• September 2009 - Volume 12, Number 2

    Features

    Weather and past seasons help wildlife biologists predict which WMAs will be smoking-hot this year.

    Drought was the biggest concern of most wildlife management area managers throughout most of the state going into the dog days of summer.

    Turn your land from run of the mill to a deer hunting paradise. Here’s the second installment of how two land managers did it.

    Last month, Mississippi Sportsman profiled two different land managers about their philosophies and practices for establishing and maintaining quality deer herds on their properties.

    This time of year, the bass action at Pickwick takes a backseat to nowhere.

    Without hesitation the talented bass angler quickly swept his rod to the side and drove the steel hook deep into the jaw of a hungry largemouth bass. The lunker bass fought like a demon, but was quickly subdued, admired and released by the expert angler.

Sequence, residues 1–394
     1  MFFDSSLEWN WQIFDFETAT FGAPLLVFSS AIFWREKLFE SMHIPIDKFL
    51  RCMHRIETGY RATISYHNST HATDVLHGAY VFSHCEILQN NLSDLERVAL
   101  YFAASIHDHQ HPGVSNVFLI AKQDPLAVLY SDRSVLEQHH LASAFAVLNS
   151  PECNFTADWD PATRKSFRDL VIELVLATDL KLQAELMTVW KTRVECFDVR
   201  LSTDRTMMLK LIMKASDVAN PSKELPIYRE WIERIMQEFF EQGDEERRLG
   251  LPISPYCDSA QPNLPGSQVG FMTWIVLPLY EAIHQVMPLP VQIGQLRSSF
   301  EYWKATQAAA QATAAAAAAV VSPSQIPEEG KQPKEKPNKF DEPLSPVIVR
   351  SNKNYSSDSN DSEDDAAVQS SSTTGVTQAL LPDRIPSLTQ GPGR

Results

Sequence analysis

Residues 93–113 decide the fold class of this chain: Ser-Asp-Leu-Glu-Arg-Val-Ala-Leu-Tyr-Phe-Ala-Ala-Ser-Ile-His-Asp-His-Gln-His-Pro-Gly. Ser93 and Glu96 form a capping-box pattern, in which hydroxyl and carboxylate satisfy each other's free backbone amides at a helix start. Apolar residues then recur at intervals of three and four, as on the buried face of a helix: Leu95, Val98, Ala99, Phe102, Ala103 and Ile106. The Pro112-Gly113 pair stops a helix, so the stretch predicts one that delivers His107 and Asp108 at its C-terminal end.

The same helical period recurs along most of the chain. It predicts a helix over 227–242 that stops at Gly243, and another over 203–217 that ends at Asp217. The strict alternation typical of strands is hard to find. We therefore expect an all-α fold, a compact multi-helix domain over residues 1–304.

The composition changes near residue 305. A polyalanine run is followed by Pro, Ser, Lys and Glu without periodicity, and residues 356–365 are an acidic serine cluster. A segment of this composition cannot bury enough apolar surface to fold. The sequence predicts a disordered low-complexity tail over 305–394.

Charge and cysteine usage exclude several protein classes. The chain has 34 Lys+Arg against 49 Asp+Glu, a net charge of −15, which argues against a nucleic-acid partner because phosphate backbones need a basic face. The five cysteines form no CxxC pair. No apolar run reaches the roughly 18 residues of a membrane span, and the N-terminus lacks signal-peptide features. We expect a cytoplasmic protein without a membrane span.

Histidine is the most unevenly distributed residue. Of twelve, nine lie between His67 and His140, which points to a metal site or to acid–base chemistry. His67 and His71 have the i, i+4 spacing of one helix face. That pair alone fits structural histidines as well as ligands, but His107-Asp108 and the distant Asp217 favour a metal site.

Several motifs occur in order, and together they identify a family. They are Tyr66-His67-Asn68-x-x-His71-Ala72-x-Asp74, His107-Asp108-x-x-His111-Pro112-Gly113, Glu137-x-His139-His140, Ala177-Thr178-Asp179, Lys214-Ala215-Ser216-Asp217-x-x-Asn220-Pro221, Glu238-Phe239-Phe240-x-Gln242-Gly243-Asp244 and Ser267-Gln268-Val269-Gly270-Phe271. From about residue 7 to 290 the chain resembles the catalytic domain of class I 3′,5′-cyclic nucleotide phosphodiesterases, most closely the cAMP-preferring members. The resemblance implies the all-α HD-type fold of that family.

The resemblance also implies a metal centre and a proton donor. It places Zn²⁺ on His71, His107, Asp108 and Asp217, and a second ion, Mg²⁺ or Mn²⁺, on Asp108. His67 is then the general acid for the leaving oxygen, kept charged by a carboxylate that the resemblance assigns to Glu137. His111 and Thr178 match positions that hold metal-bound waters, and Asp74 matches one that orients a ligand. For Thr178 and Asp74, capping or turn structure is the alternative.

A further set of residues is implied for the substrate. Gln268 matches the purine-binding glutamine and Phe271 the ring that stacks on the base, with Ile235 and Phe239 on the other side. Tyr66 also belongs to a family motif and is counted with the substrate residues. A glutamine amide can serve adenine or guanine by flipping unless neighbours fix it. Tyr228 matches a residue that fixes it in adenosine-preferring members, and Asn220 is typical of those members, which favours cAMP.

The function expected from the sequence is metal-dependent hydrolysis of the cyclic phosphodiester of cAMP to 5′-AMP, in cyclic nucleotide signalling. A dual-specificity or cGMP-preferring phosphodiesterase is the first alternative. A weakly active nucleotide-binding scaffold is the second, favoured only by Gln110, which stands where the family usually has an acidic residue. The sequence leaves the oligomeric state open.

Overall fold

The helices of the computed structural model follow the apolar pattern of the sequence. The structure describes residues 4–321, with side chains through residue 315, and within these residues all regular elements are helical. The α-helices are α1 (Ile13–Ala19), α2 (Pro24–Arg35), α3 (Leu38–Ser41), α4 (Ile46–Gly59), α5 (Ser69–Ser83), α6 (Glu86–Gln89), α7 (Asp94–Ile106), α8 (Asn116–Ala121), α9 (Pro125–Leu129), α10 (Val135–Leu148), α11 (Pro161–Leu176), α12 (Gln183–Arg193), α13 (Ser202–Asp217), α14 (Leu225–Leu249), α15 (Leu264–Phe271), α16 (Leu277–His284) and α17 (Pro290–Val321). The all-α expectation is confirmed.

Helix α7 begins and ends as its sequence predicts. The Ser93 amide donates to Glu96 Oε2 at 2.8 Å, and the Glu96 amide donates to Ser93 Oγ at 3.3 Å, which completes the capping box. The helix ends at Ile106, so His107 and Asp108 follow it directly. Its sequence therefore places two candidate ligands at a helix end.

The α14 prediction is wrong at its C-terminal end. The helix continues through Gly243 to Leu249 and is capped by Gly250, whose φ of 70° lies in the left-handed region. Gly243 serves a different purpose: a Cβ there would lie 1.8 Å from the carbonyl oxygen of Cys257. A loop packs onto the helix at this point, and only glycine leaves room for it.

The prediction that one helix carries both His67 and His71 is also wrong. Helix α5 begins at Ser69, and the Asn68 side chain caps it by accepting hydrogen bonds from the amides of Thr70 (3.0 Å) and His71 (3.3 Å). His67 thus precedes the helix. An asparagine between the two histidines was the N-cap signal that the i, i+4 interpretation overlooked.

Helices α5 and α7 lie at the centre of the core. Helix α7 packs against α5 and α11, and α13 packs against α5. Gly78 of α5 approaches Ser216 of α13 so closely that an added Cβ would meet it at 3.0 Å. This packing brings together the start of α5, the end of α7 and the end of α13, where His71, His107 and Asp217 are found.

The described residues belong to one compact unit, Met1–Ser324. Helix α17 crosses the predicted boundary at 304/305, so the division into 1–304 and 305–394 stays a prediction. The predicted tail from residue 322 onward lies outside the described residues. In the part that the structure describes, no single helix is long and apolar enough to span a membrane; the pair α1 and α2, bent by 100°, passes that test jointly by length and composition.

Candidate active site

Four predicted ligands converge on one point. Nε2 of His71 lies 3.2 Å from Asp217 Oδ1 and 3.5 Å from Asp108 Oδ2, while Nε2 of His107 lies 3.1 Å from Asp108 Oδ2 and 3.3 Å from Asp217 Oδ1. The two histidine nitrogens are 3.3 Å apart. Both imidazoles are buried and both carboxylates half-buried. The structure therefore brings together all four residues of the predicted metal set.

Most hunters recognize deer management as a goal, but only a few are willing to put out the effort necessary to produce trophy deer. This Washington County club bought into a program at its inception, and now members enjoy unreal hunting.

    The opening could be seen through the trees as I eased toward the food plot. When the path made a final turn, I could see the green patch ahead. I slowed down and worked my way around a huge mud hole, easing toward the end of the trail just in case deer had already made it to the food plot.

    Don’t wait for the cool weather to arrive. These two Mississippi Sound hotspots are loaded with redfish now.

    Although Sept. 22 is listed on the 2009 calendar as the official first day of autumn, cool weather is still a long way from making its first appearance in South Mississippi.

    Stretch your string at these public hotspots, and you just may get something for the wall.

    When the Mississippi Game and Fish Commission began in 1932, the Hospitality State was practically devoid of whitetails. In fact, only about 1,500 deer lived in the state, and those were located in largely inaccessible areas in the bottomlands of the major rivers.

    Which WMAs will be hot, and which will leave a little something to be desired? Find out in this issue.